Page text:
Castles In The Middle Ages Essay Research

Castles In The Middle Ages Essay, Research Paper Castles In The Middle Ages In 1494 the armies of the French king, Charles VIII, invaded Italy to capture the kingdom of Naples. They swept through the country and bombarded and destroyed many castles. This invasion signaled the end of the castle as a stronghold of defense.

Castles In The Middle Ages Essay, Research Paper

Castles In The Middle Ages

In 1494 the armies of the French king, Charles VIII, invaded Italy to capture the kingdom of Naples. They swept through the country and bombarded and destroyed many castles. This invasion signaled the end of the castle as a stronghold of defense. For centuries it had been the dominant protection in Western Europe for the defense of kings, nobility, and townspeople.

Ancient cities were often walled to keep out invaders, and within the walls there was usually a citadel, a strongly built fortification occupying the militarily most advantageous position. A castle is much like a walled city and it s citadel tapered into a smaller space.

Late in the 9th century, as local lords and kings began to consolidate power, castle building began probably in France. Once begun, castle building spread rapidly to other areas. But it was not until the 12th and 13th centuries, after the Crusaders returned from their wars against Islam in Palestine, that castles as impressive as those of the Byzantine or Islamic empires were constructed in Europe. Many of the stone castles of the late Middle Ages still stand. Some are tourist attractions, in various states of repair, along the Rhine River from Mainz to Cologne in Germany, dotted about the French countryside, or perched on hilltops in Spain.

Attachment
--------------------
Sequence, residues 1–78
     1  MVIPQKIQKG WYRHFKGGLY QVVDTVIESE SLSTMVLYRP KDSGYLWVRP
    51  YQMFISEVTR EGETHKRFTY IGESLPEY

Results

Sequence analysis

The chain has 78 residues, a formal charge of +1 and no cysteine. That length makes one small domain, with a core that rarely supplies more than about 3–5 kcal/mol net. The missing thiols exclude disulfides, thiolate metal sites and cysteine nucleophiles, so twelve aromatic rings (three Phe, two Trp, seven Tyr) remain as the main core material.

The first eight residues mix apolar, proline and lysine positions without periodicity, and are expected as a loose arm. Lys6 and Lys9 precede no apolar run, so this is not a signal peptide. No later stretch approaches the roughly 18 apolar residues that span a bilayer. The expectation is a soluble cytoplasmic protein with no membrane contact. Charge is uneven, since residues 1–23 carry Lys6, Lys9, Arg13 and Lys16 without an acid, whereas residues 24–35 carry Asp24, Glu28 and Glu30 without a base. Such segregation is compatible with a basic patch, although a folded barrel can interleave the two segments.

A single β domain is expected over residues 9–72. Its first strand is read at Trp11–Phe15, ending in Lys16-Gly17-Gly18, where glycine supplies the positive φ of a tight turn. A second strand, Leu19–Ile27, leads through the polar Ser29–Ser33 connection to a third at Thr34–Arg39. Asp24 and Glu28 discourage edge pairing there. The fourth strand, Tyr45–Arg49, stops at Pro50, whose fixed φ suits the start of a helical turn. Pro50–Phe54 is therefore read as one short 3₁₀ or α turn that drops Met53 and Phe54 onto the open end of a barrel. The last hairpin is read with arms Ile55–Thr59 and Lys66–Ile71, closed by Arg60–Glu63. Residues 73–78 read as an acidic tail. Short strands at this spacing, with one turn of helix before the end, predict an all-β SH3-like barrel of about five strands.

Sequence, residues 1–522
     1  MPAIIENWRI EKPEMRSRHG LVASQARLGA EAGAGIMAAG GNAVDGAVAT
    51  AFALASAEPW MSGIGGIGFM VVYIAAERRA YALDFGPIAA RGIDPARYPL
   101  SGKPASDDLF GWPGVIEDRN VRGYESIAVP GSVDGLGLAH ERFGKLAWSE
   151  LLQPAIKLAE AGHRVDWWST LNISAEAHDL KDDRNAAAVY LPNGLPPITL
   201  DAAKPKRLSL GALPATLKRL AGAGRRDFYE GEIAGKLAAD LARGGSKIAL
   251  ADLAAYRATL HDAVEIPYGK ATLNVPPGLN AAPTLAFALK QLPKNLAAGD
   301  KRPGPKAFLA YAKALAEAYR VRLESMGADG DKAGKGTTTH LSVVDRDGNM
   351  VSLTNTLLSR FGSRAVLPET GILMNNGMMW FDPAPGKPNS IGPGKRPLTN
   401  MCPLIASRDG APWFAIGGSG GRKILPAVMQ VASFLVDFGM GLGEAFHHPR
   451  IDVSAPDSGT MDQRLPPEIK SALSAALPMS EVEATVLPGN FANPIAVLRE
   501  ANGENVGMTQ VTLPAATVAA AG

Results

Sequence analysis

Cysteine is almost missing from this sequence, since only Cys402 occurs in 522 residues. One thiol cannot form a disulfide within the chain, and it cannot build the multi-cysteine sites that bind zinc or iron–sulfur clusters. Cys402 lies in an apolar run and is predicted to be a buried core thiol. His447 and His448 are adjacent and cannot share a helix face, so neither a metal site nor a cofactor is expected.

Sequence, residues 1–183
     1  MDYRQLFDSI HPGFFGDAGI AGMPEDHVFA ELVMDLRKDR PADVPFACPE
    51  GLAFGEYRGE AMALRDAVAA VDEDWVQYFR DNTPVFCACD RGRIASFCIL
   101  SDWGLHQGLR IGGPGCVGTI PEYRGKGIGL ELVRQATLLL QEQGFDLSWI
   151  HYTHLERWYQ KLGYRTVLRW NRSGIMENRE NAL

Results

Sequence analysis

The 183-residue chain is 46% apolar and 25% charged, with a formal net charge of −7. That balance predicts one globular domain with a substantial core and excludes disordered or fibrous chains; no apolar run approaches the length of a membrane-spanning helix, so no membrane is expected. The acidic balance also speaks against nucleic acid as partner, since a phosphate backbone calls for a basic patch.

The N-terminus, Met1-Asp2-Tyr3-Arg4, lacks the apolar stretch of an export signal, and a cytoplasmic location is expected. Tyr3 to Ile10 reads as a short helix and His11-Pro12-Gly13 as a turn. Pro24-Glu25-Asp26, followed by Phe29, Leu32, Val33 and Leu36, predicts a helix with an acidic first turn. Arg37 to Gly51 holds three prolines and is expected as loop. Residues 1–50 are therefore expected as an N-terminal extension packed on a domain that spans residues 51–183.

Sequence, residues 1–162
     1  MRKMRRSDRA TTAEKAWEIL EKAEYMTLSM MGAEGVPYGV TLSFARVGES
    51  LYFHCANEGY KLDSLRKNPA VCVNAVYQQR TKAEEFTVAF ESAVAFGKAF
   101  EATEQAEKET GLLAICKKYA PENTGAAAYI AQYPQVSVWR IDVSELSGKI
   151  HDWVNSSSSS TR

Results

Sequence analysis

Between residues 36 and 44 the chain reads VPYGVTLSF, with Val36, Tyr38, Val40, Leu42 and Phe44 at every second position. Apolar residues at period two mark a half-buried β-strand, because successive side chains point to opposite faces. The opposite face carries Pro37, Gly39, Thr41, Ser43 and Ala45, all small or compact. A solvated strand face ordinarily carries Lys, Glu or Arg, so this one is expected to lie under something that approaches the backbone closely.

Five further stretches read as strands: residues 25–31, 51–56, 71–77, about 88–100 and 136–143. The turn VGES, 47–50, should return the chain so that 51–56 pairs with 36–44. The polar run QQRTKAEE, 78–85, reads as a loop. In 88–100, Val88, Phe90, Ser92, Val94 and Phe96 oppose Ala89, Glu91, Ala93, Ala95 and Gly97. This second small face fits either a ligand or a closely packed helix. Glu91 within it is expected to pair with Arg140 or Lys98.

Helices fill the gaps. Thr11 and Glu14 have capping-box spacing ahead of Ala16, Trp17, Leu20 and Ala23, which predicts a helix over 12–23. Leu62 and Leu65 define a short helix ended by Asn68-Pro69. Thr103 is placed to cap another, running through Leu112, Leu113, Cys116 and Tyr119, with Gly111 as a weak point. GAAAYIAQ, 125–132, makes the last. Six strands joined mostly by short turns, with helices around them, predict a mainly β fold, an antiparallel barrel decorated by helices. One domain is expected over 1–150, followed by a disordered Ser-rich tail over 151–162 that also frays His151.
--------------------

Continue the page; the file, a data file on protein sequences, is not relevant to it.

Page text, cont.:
The original French castles had been built on open plains. Later ones, however, were situated on rocky crags, at river forks, or in some position where advancing enemies would find approach extremely difficult, if not impossible. The fortifications became more elaborate with time, with considerable attention paid to making the living quarters more comfortable.

A typical castle was usually guarded on the outskirts by a surrounding heavy wooden fence of sharp-pointed stakes called a barbican. It was intended to prevent surprise attacks by delaying the advance of assailants and giving those within the castle compound time to prepare to resist and attack.

Inside the barbican stretched the lists, or wards: strips of land that bordered the castle. The lists served as a road in time of peace and as a trap in war (Gillian 9). Once within the barbican the enemy was in the range of arrows shot from the castle walls. In peace-time the lists also served as an exercise ground for horses and occasionally as tournament grounds.

Between the lists and the towering outer walls of the castle itself was the moat, usually filled with water. Across it stretched a drawbridge, which was raised every night. At the castle end of the drawbridge was the portcullis, a large sliding door made of wooden or iron grillwork hung over the entryway. It moved up and down in grooves and was raised every day and lowered at night. In times of danger it blocked the way to the heavy oak gates that served as doors to the castle compound. These gates were so large that they were rarely opened except on ceremonial occasions. A smaller door was built into one of them to provide easy entrance and exit for those who lived in the castle. A person known as the chief porter was charged with the responsibility of making sure that only friends passed through.